Eventually we descend via the longer, easier slope towards Wardlow Mires, double back on the main track beneath Peter's Stone, and head for the footbridge and stile which takes us up into Tansley Dale. We haven't ever walked up here before, but it is an easy stroll despite it being uphill, and part way up there is a huge warren full of rabbit holes.

At the top we study the map a while before rejoining the path behind a man and wife, and they are making very heavy weather of it. We have to keep waiting for them to get far enough ahead as we are walking much faster. At the next stile the lady struggles to get over then walks on while her husband stands and waits. As we approach the stile he asks if we need help! I give him a curt No Thank You, seething with indignation at his assumption of our ineptitude, and go over the stile in short order. He wanders off to join his struggling wife.

The path goes through a field and soon we are at the field gate onto a lane. The couple are there before us, and standing in the gateway with the gate open, looking puzzled. They are following a guidebook rather than a map, have one small rucksack between them and are clearly not regular walkers but there are signs here so they shouldn't be lost. I tell them we'll close the gate, but they just stand there looking vague, so I pull the gate shut as they shuffle foward. We then turn left along the track which runs between two stone walls and keep our eye open for our next path, which is across some fields. The husband and wife trail along a little way behind us.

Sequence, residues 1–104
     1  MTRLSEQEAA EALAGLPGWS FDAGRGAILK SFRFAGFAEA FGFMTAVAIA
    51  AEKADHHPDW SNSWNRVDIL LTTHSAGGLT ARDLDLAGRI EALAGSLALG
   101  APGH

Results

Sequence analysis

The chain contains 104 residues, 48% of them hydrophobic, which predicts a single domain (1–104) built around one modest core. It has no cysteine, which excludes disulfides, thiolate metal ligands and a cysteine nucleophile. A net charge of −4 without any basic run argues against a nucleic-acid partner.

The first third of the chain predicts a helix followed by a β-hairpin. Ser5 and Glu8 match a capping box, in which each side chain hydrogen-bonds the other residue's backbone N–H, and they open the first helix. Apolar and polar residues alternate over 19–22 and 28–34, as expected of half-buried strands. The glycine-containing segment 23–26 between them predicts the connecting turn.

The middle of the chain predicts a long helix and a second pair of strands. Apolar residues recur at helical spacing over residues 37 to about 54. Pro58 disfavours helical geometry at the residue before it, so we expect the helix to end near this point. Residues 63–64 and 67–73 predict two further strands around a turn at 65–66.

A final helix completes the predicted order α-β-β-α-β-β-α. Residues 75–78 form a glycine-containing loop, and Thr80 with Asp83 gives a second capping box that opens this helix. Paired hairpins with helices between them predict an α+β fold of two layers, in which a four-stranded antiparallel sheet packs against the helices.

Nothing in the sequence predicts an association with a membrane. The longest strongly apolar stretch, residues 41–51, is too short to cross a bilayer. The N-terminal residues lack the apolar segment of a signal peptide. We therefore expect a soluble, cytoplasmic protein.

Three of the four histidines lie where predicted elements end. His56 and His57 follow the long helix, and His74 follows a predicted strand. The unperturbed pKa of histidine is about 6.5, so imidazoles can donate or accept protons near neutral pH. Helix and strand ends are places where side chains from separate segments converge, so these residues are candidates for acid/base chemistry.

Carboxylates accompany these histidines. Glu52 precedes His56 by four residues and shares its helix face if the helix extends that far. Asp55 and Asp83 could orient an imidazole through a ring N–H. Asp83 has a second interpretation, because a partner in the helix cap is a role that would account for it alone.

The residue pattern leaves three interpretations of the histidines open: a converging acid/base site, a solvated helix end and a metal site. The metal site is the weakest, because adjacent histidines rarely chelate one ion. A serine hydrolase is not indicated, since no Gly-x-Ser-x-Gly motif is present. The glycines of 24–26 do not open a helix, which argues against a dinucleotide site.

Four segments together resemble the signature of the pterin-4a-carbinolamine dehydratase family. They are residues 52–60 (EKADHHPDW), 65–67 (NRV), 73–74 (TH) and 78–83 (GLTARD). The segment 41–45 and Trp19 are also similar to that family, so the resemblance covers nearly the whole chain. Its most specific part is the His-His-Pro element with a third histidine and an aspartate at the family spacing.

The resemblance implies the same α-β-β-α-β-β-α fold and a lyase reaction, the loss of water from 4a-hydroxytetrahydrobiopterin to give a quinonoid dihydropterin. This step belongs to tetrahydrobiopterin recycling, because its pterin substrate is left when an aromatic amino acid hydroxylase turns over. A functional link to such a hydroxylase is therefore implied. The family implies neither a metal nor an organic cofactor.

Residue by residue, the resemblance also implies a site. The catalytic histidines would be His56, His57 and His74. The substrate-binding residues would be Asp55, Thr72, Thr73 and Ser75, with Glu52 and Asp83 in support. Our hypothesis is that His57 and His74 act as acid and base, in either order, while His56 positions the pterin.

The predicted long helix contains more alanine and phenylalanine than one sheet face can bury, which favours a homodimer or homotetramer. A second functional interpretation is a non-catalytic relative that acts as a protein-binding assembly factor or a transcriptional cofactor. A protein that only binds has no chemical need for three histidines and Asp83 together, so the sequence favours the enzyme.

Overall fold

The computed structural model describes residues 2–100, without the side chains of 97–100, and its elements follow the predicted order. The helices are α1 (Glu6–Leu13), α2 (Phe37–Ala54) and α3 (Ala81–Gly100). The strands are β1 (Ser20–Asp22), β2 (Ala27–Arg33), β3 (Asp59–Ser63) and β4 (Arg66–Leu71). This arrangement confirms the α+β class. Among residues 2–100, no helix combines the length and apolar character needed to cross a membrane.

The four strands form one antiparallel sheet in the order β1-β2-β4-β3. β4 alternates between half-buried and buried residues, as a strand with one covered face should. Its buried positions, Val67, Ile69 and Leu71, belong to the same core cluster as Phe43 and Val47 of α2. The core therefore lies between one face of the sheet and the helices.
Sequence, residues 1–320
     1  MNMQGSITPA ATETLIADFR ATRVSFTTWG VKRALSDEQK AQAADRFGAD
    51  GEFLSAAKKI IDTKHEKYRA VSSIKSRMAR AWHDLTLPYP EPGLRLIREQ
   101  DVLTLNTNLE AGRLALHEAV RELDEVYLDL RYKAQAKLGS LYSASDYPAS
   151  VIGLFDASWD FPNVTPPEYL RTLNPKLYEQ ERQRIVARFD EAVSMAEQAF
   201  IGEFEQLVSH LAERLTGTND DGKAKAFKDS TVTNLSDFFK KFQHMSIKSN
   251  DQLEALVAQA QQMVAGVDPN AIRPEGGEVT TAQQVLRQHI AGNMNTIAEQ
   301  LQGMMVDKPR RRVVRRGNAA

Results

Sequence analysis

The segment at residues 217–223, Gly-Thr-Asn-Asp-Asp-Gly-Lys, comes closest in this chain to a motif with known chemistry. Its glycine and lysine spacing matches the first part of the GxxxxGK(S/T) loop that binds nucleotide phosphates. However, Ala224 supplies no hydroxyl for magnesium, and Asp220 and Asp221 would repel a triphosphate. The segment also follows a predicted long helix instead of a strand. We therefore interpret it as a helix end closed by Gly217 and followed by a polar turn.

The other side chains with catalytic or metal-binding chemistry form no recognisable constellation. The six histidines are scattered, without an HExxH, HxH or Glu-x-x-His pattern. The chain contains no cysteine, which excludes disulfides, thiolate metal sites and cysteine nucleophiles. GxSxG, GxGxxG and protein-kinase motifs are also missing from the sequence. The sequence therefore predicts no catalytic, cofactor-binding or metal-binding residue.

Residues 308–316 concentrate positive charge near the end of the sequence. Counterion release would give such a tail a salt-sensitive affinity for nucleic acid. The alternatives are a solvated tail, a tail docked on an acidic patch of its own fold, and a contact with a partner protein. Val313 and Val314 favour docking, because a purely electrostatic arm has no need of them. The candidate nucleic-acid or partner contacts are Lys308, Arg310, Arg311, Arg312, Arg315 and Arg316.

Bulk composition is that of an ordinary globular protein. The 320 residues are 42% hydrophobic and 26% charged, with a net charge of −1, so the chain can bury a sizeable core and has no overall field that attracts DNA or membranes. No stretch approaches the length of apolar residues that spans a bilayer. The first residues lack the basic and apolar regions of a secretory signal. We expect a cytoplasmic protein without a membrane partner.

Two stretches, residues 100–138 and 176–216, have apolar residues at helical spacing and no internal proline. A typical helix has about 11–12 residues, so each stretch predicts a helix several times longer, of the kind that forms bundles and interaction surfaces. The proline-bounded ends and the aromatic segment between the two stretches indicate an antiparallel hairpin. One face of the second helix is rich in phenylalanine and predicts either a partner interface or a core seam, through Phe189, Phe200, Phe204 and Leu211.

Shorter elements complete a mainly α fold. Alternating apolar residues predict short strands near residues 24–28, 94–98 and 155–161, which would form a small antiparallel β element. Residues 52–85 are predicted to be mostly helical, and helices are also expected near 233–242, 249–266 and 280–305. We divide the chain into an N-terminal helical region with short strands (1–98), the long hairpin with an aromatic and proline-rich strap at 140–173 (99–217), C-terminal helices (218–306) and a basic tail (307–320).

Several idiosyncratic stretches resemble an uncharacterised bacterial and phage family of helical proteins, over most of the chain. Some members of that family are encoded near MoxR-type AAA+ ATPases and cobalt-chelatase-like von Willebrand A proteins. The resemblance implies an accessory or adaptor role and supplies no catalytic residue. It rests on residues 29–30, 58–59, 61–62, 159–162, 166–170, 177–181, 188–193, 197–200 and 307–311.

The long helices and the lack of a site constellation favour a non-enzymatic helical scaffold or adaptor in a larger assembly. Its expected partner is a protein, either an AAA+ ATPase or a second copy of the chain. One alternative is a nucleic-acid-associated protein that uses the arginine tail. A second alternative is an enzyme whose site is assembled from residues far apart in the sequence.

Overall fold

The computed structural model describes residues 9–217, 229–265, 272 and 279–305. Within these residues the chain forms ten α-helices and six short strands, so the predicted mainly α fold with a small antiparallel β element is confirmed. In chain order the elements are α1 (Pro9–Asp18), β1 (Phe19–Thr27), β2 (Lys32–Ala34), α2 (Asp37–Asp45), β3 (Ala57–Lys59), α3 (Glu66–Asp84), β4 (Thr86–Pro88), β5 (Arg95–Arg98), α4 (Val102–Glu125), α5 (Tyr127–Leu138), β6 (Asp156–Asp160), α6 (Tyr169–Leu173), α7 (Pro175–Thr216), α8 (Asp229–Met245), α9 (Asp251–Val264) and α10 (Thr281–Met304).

Just before the track meets the road there is a stone stile and a footpath sign pointing across the fields. Again, we are over in no time and heading across the field at a good pace, determined to get well in front. We need not have bothered, the couple seem to have continued onto the road which leads to Litton. 

The fields slope down a little, then start to climb giving increasingly good views across Cressbrook Dale. We cross another track, with a very steep stone stile, then we reach the field with the cows. Time to be brave. These seem to be quite young, and a curious Jersey ambles towards other while the others look on with interest. PC takes some photos and I manage to walk past without running. The cows had been clustered around our next gateway but most have them have moved away so our way is clear.

Part way across the next field we turn to admire the view behind us and discover that we are being followed. Keep calm! 

Soon enough we are out of the fields and into the woods at the top of the Cressbrook Dale valley. This is quite a precarious walk, the path has been cleared a bit but although it is narrow it is on a definite slope, and there are still plenty of brambles trying to snag at our legs. 

We pause for a moment to enjoy the view which opens out through the trees to the opposite side of the valley and the rock faces at Wardlow Hay Cop, which look magnificent and very prehistoric. Further along we decide to take the path that goes downhill with the benefit of a stepped section, rather than keep to the high level track, and we eventually find ourselves back on the track near the hairpin bend.

From here it is a steady downhill walk along the road, although there do seem to be a lot of cars all of a sudden, and the return to the car park which is now, understandably, full. And we have time to sit and chat (even more) before making plans for our next walk in a couple of weeks time.